Why Design is More Than Just Creating Pretty Pictures
By: Mark Winter
This post originally appeared on Dbusiness.com.
“Art is subjective.” Anyone who has ever taken an art class has heard these words and/or used them to justify an instructor’s less than favorable response to an assignment. True enough, art hanging in a gallery can afford (pun intended) to be appreciated by a sole discriminating patron. But when the art in question is your logo, collateral, or promotional materials, subjective is not good enough.
The challenge of generating broad appeal is the reason why designers exist. Making things “pretty” is nice, but design is more than aesthetics. It is the means by which we marry strategic messages with effective visual communication vehicles. Here’s what we’re looking for to make that union a happy, successful one:
Bring us your problems. Inherent in any design challenge is a particular problem to address and a desired outcome. Perhaps there is a complex situation that needs to be conveyed in layman’s terms. Maybe the success of a project will only be measured in clicked links. Whatever it is, understanding that problem lays the framework for a good solution.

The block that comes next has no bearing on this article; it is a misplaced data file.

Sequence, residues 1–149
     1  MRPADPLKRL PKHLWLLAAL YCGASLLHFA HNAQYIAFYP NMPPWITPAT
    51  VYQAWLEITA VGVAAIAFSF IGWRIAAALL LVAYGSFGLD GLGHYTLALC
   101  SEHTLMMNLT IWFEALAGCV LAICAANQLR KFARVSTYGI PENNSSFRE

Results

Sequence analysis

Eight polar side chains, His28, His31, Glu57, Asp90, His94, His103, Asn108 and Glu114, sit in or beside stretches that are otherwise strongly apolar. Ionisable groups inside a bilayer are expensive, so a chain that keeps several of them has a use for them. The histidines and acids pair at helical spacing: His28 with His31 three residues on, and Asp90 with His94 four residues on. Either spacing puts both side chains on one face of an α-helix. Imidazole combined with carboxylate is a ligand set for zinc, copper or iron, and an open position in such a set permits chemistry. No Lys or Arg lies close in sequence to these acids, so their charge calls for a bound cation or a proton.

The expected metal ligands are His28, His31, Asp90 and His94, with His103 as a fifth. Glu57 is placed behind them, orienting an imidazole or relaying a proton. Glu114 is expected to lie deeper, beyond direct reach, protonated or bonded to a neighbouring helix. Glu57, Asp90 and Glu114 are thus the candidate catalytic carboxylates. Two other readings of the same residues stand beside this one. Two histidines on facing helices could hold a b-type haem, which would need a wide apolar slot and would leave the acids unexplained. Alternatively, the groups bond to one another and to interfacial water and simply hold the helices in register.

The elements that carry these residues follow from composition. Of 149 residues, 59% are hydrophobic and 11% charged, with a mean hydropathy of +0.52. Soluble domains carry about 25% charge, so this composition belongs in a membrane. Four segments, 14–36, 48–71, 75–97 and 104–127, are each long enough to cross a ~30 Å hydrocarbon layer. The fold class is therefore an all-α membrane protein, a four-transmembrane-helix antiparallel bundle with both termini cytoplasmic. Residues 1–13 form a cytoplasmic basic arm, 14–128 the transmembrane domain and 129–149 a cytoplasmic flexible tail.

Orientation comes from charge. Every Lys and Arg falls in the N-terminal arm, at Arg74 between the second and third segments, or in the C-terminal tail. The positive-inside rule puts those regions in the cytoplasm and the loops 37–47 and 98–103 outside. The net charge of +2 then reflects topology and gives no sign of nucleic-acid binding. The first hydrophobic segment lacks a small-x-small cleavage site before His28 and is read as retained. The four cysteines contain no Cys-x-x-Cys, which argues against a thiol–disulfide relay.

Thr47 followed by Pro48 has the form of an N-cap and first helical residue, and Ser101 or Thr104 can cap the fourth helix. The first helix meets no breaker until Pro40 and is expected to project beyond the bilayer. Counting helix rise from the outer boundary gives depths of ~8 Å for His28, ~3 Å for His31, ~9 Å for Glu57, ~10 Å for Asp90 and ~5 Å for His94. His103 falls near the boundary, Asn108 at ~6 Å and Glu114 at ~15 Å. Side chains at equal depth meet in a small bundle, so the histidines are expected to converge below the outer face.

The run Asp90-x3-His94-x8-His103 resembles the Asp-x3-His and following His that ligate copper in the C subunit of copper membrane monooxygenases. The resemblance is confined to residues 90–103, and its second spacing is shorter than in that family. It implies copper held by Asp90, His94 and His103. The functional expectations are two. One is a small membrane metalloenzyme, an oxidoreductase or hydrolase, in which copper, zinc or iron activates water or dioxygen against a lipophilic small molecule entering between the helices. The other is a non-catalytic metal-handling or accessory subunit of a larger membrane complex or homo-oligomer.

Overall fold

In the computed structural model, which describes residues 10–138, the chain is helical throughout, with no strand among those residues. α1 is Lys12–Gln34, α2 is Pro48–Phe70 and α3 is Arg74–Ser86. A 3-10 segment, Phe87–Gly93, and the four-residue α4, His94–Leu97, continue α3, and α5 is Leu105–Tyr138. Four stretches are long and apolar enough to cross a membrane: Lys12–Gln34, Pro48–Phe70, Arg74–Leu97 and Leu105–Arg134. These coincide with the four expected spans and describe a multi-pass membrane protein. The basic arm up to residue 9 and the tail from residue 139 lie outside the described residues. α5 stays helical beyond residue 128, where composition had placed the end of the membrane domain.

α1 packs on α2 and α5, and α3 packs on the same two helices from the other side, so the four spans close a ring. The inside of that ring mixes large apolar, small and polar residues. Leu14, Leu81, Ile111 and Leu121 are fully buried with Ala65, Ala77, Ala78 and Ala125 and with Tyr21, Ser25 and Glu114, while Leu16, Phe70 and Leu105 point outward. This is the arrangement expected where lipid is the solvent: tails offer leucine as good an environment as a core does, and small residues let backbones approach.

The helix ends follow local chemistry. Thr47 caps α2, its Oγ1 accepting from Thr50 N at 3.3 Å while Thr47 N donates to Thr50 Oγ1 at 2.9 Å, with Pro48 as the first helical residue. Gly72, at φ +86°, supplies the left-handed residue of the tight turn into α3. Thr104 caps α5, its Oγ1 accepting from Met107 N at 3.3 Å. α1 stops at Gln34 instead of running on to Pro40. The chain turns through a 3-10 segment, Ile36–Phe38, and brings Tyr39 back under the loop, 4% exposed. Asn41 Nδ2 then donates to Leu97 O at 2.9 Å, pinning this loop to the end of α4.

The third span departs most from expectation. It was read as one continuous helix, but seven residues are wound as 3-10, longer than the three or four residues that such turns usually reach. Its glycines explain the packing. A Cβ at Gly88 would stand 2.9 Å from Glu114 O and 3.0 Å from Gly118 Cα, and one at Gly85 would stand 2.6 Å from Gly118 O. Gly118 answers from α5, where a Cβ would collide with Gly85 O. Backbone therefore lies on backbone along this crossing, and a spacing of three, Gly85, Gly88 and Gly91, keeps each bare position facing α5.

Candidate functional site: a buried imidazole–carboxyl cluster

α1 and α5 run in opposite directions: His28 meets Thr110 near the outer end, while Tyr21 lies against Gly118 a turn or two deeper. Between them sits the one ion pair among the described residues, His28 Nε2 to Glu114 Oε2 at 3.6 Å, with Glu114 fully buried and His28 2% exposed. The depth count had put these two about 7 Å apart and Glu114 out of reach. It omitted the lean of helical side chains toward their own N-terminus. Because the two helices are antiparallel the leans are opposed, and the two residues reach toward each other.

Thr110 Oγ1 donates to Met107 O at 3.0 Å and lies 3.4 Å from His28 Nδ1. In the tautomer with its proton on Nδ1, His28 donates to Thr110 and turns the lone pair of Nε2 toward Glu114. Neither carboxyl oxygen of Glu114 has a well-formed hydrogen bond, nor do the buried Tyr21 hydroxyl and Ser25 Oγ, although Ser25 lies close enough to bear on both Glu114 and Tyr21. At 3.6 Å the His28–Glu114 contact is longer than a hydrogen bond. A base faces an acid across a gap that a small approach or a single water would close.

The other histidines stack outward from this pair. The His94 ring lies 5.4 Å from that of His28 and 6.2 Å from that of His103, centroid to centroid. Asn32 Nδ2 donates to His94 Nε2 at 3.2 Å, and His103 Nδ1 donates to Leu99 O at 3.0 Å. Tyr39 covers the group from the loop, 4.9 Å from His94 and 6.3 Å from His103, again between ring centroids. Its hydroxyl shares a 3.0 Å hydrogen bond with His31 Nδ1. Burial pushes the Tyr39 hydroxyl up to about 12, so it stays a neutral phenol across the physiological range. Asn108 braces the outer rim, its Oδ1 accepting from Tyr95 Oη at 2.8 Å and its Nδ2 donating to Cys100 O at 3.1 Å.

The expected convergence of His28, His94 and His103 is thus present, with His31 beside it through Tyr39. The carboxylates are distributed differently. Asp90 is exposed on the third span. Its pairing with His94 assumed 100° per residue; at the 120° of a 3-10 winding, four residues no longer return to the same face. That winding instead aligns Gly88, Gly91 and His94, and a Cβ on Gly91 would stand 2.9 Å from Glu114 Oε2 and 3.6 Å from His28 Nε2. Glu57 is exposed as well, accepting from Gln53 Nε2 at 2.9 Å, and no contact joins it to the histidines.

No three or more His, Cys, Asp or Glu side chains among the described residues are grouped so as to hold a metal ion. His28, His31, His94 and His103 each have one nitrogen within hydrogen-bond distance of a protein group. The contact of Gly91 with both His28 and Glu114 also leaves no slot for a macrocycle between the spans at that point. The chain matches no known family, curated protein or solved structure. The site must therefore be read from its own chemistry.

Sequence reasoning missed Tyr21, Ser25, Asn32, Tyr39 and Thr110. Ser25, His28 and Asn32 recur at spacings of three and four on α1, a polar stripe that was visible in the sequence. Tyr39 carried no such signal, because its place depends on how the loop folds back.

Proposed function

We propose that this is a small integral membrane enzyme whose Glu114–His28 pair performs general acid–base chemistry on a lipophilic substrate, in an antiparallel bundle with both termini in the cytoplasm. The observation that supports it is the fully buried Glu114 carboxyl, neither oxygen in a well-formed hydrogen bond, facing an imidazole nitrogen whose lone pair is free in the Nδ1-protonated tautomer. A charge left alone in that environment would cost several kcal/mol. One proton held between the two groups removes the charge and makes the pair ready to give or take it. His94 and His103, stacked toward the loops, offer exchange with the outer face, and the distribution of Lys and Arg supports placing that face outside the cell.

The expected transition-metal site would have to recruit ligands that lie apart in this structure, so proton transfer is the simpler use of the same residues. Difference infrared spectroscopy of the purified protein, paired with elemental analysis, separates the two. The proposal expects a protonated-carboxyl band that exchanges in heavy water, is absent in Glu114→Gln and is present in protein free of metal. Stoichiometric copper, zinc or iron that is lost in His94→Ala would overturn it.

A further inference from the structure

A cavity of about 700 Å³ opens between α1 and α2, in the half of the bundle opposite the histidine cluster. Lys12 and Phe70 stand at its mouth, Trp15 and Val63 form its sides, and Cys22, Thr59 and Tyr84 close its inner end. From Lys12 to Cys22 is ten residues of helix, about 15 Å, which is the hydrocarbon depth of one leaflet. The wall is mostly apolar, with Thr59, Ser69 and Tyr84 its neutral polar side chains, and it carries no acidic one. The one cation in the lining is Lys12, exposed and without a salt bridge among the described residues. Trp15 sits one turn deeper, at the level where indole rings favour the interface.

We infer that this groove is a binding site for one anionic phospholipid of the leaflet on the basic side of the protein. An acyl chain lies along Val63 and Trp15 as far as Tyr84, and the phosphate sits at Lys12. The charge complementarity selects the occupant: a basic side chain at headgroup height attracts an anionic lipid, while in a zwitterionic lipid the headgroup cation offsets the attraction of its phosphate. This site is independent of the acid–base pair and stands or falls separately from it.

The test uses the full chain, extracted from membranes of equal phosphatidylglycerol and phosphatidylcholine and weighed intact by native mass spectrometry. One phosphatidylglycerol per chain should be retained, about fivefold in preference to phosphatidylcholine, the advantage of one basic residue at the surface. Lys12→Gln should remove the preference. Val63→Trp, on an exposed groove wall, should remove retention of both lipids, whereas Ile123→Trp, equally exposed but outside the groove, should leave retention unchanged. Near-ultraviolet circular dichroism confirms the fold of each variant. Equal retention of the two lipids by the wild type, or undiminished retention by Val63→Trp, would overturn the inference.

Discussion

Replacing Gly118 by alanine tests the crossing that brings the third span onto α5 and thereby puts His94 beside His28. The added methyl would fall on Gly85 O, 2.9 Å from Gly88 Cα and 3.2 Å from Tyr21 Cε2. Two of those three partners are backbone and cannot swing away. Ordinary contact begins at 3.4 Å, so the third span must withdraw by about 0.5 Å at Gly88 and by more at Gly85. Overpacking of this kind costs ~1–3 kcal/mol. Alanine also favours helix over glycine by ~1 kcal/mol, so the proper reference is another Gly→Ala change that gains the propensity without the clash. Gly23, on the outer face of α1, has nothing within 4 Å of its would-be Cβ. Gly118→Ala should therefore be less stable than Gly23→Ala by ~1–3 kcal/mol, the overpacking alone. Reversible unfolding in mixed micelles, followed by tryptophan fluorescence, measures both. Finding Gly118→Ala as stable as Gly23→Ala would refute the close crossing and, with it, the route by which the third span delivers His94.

We are showmen. And every showman performs for an audience. Since it is impossible to appeal to an audience you don’t know, we need to get better acquainted. We want to know their interests, their frustrations, where they come from and what matters most to them. We need to speak their language.
Loosen the reigns. Creativity is a strategic tool that needs some operating space. Often the most impactful design solutions come from unexpected or unconventional directions. If you’re looking for stand out communication vehicles, be willing to explore and allow enough room to bypass the ordinary routes and steer toward greatness.
The goal for design is to connect on some level with your target audience—with everyone in that audience. Does that mean everyone will be a new client or partner? Of course not. But your visual communication should at least give cause for consideration to each targeted viewer.
Ask yourself these questions: Does your message ring relevant? Do your color palette and presentation evoke the desired feelings? Does your image resonate with a shared perspective? If all those pieces work—regardless of your personal or corporate sense of style—your communication works. If not, hang that pretty art on your wall and start over.